Finally, the agreement also includes a “favorite driver” provision that allows Lyft drivers who are identified as such by passengers to receive more benefits. Also, drivers will receive more information about their potential passengers before they agree to a pick-up.

Thursday, January 28, 2016

Update: FBI Varying Fitness Tests for Men and Women May Not Be Discriminatory

In June 2014, a federal district court ruled that the FBI could not have different standards for men and women taking its physical fitness tests. Jay Bauer had brought suit against the FBI because he could not pass the more rigorous test for men necessary to become a Special Agent. The FBI would only be permitted to have differing standards if there was a bona fide occupational qualification to justify it. By not showing that the tests were sufficiently focused on “job related skills and aptitudes,” the FBI could not use the differing standards for the physical tests.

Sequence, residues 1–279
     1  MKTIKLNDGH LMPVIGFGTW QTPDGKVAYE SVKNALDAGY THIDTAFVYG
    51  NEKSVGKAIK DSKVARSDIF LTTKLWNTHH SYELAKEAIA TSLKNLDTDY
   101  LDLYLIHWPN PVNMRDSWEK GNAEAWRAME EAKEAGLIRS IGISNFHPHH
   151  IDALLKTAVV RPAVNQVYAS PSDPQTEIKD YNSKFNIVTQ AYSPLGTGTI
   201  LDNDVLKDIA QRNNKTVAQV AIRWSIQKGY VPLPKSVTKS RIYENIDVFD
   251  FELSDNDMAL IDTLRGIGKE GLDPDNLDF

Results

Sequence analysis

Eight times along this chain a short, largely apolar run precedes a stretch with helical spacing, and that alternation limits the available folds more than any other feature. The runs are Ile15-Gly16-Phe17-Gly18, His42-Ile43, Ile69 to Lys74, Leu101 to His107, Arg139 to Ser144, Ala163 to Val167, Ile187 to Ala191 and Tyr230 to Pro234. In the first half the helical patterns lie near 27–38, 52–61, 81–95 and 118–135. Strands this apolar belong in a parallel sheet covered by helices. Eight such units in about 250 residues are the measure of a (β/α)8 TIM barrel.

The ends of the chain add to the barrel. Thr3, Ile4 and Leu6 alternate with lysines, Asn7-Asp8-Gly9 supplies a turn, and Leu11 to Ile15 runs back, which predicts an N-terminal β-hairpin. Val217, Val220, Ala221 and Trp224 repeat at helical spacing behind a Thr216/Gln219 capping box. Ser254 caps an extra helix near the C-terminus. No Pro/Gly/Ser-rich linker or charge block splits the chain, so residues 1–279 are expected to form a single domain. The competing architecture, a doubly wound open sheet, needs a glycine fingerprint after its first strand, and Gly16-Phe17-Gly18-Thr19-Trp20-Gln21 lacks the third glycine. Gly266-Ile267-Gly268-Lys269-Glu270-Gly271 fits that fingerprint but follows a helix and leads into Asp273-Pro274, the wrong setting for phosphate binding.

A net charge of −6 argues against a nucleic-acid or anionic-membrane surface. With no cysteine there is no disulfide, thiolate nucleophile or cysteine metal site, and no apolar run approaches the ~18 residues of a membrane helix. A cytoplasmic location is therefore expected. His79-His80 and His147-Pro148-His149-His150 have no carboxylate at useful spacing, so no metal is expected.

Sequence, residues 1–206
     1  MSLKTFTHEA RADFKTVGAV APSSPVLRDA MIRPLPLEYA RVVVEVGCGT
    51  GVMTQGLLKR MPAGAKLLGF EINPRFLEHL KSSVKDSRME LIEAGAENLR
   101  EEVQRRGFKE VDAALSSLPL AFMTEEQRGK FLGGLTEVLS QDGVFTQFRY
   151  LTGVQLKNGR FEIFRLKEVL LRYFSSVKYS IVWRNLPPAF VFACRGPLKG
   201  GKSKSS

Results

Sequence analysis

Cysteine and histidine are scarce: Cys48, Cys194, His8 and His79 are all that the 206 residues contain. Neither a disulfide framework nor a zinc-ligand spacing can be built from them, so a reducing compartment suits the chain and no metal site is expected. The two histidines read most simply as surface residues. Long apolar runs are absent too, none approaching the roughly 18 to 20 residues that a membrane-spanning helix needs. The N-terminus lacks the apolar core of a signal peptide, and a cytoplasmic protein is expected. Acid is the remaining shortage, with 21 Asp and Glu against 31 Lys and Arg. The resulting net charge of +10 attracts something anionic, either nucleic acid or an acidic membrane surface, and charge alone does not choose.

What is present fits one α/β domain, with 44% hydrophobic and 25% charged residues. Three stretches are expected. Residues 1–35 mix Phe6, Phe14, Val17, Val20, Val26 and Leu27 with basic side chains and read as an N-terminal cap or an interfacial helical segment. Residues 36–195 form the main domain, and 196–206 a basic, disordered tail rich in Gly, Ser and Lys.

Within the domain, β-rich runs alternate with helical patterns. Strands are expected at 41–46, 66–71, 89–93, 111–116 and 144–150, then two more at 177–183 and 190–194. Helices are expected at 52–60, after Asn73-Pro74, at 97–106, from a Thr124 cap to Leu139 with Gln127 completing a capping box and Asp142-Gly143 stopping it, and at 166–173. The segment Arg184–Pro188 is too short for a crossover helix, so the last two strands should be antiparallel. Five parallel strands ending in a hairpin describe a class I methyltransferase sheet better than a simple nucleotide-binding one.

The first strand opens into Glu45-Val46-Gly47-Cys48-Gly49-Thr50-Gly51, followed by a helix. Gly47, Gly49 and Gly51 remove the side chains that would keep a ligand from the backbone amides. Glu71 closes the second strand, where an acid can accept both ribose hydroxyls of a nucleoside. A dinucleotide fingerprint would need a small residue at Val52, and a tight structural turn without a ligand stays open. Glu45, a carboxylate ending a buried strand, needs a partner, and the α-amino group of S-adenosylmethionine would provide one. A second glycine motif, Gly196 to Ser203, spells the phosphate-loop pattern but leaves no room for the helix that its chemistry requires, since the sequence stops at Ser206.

2016 has brought a new ruling on this case by the Fourth Circuit Court of Appeals. In the new ruling, which relies on two prior decisions that approved the FBI’s use of gender-normed standards, the court of appeals has upheld the idea of differing physical fitness tests. Title VII has been held to permit distinctions based on undeniable physical differences between men and women “where no significantly greater burden of compliance is imposed on either sex.”

The Fourth Circuit Court of Appeals stated that “men and women simply are not physiologically the same for purposes of physical fitness programs.” As a consequence, accommodations that reflect the differing physiological aspects between the sexes are not automatically unlawful. Equivalently fit men and women may demonstrate their fitness differently. The question of whether a fitness test was discriminatory must based on whether it required men and women to demonstrate different levels of fitness. Title VII was not violated if the differing physical fitness tests impose an equal burden of compliance on both sexes.